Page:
The History Of Halloween Costumes

Luke Ward
2 Minutes Read

Original Halloween costumes were often made of animal skins or hides to give the illusion of a wild animal.

    Halloween, as we celebrate it today, is the culmination of more than a thousand years of cultural evolution.

    While there are many fascinating facts about Halloween and Halloween lore, perhaps none are more interesting than those that pertain to Halloween costumes.

    These days, you’re likely to see a motley collection of fire-fighters, football players, clowns, and, of course, scary monsters.

    In the UK, the change of seasons at the end of October can bring unpredictable changes.

    Greyscale photo of a group of people wearing horrifying costumes.

    Shorter days, colder weather and the need to consume more calories to make it through the impending winter were all factors that coincided with Halloween.

    Combine this reality with the belief that ghosts returned to earth on Halloween, and you can see our European ancestors had a real conundrum: the need to go out in the dark paired with a fear of ghosts.

    The solution: Leave the house in disguise!

    Early Halloween costumes, then, were more a matter of survival and less a matter of entertainment, like the Halloween costume of today.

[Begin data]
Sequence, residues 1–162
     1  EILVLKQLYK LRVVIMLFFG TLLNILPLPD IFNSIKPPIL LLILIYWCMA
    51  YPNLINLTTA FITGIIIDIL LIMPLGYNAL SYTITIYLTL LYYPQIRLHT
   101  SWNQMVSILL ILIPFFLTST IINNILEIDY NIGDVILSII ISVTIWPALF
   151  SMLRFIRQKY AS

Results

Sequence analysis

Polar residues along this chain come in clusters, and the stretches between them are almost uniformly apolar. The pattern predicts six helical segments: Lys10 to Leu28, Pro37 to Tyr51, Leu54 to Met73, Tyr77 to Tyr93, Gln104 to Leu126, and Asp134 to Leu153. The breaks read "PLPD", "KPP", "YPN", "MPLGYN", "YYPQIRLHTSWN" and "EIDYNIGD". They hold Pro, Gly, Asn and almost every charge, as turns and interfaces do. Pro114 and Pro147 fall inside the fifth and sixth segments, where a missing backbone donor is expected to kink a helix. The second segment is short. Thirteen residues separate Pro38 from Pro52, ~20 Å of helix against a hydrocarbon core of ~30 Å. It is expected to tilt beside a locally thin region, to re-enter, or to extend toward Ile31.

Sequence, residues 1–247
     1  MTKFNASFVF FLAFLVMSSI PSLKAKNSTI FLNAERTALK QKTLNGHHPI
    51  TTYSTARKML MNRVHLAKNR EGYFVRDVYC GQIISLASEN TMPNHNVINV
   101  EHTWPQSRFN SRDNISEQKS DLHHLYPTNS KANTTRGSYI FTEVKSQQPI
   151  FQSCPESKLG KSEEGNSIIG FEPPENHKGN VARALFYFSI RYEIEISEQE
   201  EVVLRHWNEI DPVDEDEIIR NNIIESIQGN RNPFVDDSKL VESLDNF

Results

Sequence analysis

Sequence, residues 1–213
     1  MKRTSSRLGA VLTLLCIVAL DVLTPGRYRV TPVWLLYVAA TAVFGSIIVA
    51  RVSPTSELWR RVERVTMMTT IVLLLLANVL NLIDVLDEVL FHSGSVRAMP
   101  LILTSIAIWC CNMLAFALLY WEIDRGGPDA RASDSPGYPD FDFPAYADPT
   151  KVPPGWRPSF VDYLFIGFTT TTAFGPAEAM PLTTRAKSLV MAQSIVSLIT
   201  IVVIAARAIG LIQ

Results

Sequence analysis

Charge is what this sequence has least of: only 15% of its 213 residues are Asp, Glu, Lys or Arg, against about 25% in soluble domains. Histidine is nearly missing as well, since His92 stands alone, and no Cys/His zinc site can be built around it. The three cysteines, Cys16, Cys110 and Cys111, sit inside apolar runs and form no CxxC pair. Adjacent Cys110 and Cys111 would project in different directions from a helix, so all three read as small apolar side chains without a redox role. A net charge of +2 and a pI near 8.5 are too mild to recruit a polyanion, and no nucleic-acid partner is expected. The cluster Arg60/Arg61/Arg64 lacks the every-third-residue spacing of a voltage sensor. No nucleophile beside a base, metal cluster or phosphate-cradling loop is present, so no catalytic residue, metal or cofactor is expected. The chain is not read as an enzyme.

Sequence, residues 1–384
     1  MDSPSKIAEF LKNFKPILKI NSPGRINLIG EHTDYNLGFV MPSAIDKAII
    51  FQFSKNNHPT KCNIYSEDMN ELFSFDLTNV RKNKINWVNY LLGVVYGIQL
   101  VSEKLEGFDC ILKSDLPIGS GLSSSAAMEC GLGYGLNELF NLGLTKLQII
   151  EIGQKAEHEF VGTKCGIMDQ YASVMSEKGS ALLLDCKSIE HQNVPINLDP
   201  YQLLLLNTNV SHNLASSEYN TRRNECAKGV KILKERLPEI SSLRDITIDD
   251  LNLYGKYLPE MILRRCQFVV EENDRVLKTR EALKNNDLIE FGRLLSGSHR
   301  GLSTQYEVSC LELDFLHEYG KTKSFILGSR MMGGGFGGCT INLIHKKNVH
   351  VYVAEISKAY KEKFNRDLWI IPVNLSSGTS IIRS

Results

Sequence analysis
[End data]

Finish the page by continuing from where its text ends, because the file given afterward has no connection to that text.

As such, these costumes were made often made of animal skins or hides to give the illusion of a wild animal, as opposed to a human.

    Another popular option was to wear scary masks.

    Someone wearing a terrifying witch mask.

    The idea behind wearing a scary mask was that, in the event of being encountered by a ghost, the ghost would see the scary mask and mistake the person wearing it for a fellow ghoul.

    In Colonial America, where the changing of seasons is similar to the changes in the UK, the spread of Halloween to America was seamless.

    The influence of Native Americans and Native American lore, however, added a new element to Halloween costumes in America.

    The integration of face paint into costumes began to increase, as did the variety of animal skins used in costumes.

    From that point in history, Halloween costumes have followed a predictable course parallel to the cultures in which they evolve, which allows for unique differences in Halloween costumes in contemporary societies.


    What Halloween costumes will look like years from now, however, is anybody’s guess.

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About The Author

Luke Ward
Luke Ward

Luke Ward is the owner of The Fact Site. He has over 14 years of experience in researching, informative writing, fact-checking, SEO & web design. In his spare time, he loves to explore the world, drink coffee & attend trivia nights.

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